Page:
Wednesday 20th

A Giveaway!

I have loved decent keyboards for many years. It’s a natural affiliation for someone who uses them every single day, really. If you go and see this video, you can win this very keyboard: (after 5.00 PM).

Back in the 1980s, when I was a callow computer salesman, I grew to know and love good quality keyboards. Originally, I worked with Apple IIe machines, but progressed quickly to the ACT Sirius, and from there I started working on the Olympia range and others.

When I started working for Wordplex, I loved the smooth feel of their keys; at Wang Laboratories, I liked the low, minimalist appearance of the 4200 range. But then, when I started working with IBM machines, I grew to adore the IBM “click” as the key registered. It meant that I could type faster, knowing exactly when I had pressed down far enough. I could tell even before I had heard the key; it was a tactile delight.

Over the years, I have had a lot of keyboards. From my IBM PS2 (which I kept hold of from my last employer, since they forgot to pay me my last monthly salary payment), and then I had an AST (I think) laptop, and soon had to buy an external keyboard for it; then a Toshiba, which also wore out and I had to buy another keyboard; then my first Apple, a beautiful iMac with anglepoise-attached screen, which eventually had a total of four separate keyboards; my first iMac, with another two keyboards, and finally this iMac, which is so far on its second keyboard.

Keyboards come and go, but it is very noticeable to me how the different types of technology have impacted keyboards. In the 80s, all used individually sprung keys. That meant they had a spring, made of metal, and the key slid up and down in its own little channel. They were reliable, and the only way to tell how they had been used (and abused) was by the way that the letters began to wear off.

But as time moved on, and laptops became more popular, keyboards became cheaper; there was a drive to manufacture them at a lower cost, but also to provide keyboards that would be thinner, so that slimline laptops or metal keyboards would look more elegant.

The problem is, for fast typists, this meant all the benefits of real, sprung keys were lost.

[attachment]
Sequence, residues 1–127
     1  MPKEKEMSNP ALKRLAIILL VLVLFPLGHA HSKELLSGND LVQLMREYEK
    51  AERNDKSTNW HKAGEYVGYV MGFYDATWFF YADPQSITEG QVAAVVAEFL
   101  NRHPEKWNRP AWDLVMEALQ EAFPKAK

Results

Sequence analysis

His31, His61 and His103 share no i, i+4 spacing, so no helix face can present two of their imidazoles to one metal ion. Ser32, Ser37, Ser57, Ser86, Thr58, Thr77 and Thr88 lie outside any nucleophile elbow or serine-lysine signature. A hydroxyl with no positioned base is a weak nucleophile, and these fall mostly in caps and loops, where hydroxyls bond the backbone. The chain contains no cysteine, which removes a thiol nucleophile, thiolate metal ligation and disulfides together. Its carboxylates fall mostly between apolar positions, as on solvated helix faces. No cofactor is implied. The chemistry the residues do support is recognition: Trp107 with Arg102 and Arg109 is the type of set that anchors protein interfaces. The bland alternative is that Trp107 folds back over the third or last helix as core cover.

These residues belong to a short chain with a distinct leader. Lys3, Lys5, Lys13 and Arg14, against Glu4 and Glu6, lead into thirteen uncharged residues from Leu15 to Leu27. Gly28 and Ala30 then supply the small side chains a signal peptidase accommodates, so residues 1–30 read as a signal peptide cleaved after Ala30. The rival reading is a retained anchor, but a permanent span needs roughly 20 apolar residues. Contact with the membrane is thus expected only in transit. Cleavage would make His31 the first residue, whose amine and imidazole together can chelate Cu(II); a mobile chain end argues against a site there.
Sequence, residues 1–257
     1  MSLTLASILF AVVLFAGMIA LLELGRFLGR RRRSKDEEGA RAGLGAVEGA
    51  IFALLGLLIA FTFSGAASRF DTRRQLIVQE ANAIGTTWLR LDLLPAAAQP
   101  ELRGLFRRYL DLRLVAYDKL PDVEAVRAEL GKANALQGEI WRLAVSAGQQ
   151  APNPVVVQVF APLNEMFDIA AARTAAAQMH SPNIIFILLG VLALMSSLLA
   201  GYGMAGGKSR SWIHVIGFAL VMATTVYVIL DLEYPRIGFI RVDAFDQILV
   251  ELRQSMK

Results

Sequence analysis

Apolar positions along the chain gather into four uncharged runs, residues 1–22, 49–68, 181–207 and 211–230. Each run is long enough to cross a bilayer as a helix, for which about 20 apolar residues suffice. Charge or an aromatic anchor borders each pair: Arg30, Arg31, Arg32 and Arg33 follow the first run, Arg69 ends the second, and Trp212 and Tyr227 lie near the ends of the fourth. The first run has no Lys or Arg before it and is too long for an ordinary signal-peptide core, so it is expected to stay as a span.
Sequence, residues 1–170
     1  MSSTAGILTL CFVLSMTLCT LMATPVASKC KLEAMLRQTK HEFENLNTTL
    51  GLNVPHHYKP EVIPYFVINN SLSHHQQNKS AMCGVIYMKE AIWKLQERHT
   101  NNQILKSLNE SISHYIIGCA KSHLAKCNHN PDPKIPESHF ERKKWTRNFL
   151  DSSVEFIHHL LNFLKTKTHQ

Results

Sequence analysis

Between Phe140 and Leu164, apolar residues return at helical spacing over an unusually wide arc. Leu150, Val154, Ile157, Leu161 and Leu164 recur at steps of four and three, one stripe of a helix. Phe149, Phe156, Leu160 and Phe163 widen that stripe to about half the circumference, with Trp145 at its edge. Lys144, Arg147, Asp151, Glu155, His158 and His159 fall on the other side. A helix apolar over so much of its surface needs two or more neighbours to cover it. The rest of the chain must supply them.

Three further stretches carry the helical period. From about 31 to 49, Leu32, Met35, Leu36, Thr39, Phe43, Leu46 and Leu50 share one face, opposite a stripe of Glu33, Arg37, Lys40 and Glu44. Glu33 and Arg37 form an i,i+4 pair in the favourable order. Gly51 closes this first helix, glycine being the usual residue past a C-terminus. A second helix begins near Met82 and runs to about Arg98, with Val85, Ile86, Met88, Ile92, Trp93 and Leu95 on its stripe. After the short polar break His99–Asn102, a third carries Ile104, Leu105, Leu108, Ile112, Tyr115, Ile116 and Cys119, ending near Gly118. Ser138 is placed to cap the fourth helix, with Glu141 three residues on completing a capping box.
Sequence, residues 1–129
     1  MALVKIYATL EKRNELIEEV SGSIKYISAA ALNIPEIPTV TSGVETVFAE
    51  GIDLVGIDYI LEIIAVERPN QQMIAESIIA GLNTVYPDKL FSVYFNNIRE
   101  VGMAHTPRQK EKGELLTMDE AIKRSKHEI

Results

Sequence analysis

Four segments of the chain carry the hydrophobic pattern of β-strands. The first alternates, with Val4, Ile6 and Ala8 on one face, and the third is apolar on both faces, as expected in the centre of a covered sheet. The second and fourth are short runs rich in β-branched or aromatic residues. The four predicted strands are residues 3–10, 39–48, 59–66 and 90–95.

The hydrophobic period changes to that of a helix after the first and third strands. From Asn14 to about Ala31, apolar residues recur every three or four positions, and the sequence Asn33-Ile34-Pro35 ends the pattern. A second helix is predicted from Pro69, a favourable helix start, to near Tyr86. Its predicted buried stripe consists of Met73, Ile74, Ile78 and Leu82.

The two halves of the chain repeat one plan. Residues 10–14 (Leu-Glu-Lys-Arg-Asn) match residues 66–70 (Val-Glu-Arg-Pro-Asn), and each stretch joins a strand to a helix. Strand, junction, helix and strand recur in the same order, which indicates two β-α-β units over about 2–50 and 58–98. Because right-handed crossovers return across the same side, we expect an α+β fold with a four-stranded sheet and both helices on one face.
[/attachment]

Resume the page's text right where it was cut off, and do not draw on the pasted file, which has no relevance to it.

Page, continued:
A couple of years is all a standard keyboard would ever last with me. The keycaps wore off, and Apple worn keycaps look and feel horrible. But it wasn’t easy to find a firm that sold keyboards that would suit me, and I had pretty much given up over time – but then I bought an Astrohaus Freewrite, and discovered that some people were still making real keyboards that were suitable for writers like me. Searching on the web brought me to The Keyboard Company, and while chatting, I learned that they had been the supplier of keyboards to the late (very great) Terry Pratchett. I was hooked. It cost me quite a few pounds, but the keyboard I bought at the time – a Filco Majestouch, is still working well for me. It is reliable, makes a satisfying rattle as I type, and the individual keys have that satisfying little click as I type.

And The Keyboard Company have some spare Minila keyboards. These don’t have the click in the keys, but are all individually sprung for the best typing experience.

The Filco Majestouch Minila – unused!

They have given me one to give away – so, if you would like a Filco Majestouch Minila keyboard, all you have to do is, go to Twitter, retweet the tweet there, and follow me @MichaelJecks, @KeyboardCo and @FilcoUK. If you would like to visit our Facebook pages at and or my Instagram account at @MichaelJecks, it won’t hurt, as will subscribing to my YouTube channel at WriterlyWitterings.

The names from all accounts will be pulled from a hat (probably literally) on Friday March 22nd, and the winner contacted that afternoon. An announcement will be made at 5 pm.

So, if you fancy a new keyboard, if you want to have a good, strong, old-fashioned keyboard, or just a smaller one that’s better for typing, go and follow The Keyboard Company and me!

Best of luck!

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